Metaphor

This flexible English phrase is a rhetorical trope with a range of variant applications.

The metaphorical "box" in the phrase "outside the box" may be married with something real and measurable — for example, perceived budgetary[8] or organizational[9] constraints in a Hollywood development project. Speculating beyond its restrictive confines the box can be both:

(a) positive— fostering creative leaps as in generating wild ideas (the conventional use of the term);[8] and
(b) negative— penetrating through to the "bottom of the box." James Bandrowski states that this could result in a frank and insightful re-appraisal of a situation, oneself, the organization, etc.

On the other hand, Bandrowski argues that the process of thinking "inside the box" need not be construed in a pejorative sense. It is crucial for accurately parsing and executing a variety of tasks — making decisions, analyzing data, and managing the progress of standard operating procedures, etc.

Hollywood screenwriter Ira Steven Behr appropriated this concept to inform plot and character in the context of a television series. Behr imagined a core character:

He is going to be "thinking outside the box," you know, and usually when we use that cliche, we think outside the box means a new thought. So we can situate ourselves back in the box, but in a somewhat better position.[9]

The phrase can be used as a shorthand way to describe speculation about what happens next in a multi-stage design thinking process.[9]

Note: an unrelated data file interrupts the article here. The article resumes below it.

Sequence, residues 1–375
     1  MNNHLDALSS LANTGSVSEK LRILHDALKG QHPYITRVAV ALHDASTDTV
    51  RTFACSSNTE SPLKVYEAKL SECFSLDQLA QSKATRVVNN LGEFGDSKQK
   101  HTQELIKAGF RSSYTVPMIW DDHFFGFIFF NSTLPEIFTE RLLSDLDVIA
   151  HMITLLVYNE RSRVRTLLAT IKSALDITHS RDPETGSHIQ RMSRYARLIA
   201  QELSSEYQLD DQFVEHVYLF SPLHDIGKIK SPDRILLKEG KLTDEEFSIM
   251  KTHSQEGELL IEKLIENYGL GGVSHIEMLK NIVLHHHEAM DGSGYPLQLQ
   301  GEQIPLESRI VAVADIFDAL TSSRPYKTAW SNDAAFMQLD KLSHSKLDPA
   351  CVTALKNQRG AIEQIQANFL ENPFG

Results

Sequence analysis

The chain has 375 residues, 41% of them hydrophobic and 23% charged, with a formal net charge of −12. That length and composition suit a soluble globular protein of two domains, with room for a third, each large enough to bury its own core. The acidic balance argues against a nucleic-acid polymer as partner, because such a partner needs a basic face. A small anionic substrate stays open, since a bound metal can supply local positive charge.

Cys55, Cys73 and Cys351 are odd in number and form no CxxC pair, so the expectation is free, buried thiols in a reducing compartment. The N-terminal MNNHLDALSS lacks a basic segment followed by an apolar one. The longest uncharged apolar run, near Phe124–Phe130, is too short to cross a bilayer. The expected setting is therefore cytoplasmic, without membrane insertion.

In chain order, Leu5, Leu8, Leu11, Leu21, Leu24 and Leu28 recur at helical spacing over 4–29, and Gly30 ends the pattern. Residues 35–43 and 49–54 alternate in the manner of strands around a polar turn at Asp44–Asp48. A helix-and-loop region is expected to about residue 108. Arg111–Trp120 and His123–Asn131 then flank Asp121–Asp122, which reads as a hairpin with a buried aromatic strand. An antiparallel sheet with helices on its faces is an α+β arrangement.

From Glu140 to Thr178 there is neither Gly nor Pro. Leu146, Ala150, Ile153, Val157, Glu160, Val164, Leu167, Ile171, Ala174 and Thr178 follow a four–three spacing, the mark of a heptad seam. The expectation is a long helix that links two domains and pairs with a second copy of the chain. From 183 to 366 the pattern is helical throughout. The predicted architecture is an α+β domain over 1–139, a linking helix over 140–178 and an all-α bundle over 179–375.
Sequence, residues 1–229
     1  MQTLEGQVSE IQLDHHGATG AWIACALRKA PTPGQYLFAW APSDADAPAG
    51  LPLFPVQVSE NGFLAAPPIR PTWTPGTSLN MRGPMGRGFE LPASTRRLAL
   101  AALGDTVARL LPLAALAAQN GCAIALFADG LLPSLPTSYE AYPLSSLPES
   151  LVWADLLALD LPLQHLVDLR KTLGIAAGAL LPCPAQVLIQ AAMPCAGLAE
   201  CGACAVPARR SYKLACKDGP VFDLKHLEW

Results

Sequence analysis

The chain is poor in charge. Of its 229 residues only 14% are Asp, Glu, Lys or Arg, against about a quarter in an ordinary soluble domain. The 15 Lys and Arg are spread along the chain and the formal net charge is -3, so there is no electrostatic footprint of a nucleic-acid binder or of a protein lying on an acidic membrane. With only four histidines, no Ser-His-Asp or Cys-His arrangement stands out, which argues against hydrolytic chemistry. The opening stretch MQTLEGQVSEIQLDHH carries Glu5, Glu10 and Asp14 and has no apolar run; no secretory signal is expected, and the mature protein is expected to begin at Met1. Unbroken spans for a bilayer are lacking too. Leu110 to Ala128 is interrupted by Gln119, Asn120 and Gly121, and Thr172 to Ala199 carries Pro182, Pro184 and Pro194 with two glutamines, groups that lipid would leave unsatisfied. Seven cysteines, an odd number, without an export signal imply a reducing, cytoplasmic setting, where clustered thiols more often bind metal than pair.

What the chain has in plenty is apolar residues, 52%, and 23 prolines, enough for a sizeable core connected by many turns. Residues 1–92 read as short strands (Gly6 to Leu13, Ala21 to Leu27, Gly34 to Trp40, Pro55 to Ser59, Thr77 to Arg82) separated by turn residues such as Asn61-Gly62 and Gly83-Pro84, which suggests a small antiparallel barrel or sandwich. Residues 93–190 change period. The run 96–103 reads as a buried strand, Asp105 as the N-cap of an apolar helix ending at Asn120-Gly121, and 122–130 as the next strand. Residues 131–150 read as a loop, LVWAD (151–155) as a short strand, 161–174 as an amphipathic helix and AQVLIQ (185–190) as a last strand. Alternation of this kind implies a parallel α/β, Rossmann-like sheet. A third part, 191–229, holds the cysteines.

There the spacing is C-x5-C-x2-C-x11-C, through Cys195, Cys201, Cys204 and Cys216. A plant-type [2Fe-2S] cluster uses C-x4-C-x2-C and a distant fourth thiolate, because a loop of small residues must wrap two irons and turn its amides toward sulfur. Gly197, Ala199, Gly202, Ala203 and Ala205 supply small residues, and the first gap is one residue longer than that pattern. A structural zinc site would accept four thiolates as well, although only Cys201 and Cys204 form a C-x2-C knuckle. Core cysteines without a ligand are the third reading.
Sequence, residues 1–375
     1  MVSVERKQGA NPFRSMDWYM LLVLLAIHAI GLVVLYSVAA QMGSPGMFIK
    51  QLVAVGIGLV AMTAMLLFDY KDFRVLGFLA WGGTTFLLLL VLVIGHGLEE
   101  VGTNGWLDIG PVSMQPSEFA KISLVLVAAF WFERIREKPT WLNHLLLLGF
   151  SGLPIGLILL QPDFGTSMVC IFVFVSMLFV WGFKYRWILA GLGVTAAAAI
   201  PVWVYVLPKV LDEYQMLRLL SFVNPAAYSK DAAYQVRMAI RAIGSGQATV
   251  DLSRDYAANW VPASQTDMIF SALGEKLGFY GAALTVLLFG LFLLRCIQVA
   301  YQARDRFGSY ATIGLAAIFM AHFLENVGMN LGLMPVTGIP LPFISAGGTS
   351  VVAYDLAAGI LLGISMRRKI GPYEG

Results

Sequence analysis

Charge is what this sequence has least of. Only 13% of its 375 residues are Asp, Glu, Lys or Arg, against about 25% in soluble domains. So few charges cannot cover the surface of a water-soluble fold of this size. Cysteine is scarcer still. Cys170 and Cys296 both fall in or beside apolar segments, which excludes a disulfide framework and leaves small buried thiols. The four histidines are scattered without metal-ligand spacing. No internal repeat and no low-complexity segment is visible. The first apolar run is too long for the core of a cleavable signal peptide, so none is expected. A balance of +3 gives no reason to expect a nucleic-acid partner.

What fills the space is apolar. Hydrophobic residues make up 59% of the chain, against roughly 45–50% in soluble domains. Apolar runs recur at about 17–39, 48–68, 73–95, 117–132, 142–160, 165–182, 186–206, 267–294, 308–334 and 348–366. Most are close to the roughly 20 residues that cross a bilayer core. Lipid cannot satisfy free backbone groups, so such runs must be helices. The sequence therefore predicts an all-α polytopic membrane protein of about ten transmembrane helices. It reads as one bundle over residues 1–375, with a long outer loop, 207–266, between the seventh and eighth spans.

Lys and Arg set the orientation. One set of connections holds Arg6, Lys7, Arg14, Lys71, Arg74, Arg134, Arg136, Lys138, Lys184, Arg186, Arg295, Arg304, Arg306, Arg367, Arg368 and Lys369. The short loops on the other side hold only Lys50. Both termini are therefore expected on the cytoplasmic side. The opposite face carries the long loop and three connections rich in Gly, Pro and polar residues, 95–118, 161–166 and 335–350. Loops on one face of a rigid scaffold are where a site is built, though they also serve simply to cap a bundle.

Appendix

References

  1. ^ Kihn, Martin. "'Outside the Box': the Inside Story," FastCompany 1995; Random House: "Outside the Box Thinking".
  2. ^ The Art of Creative Thinking: How to Be Innovative and Develop Great Ideas
  3. ^ Biography of Mike Vance at Creative Thinking Association of America.
  4. ^ Daniel Kies, "English Composition 2: Assumptions: Puzzle of the Nine Dots", retr. Jun. 28, 2009.
  5. ^ Sam Loyd, Cyclopedia of Puzzles. (The Lamb Publishing Company, 1914)
  6. ^ J. Travers, The Puzzle-Mine: Puzzles Collected from the Works of the Late Henry Ernest Dudeney. (Thos. Nelson, 1951)
  7. ^ Facsimile from Cyclopedia of Puzzles - Columbus's Egg Puzzle is on right-hand page
  8. ^ a b Lupick, Travis. "Clone Wars proved a galactic task for production team." The Georgia Straight, August 21, 2008; "... budgetary constraints forced the production team to think outside the box in a positive way.
  9. ^ a b c TCA Tour – You Asked For It: Ira Steven Behr’s opening remarks

Further reading

  • Adams, J. L. (1979). Conceptual blockbusting: A guide to better ideas. New York: W. W. Norton. ISBN 9780201100891.  ISBN 0201100894 (more solutions to the nine dots problem - with less than 4 lines!)
  • Scheerer, M. (1972). "Problem-solving". Scientific American 208 (4): 118–128. 
  • Golomb, Solom W.; Selfridge, John L. (1970). "Unicursal polygonal paths and other graphs on point lattices". Pi Mu Epsilon Journal 5: 107–117. MR0268063. 

External links

See also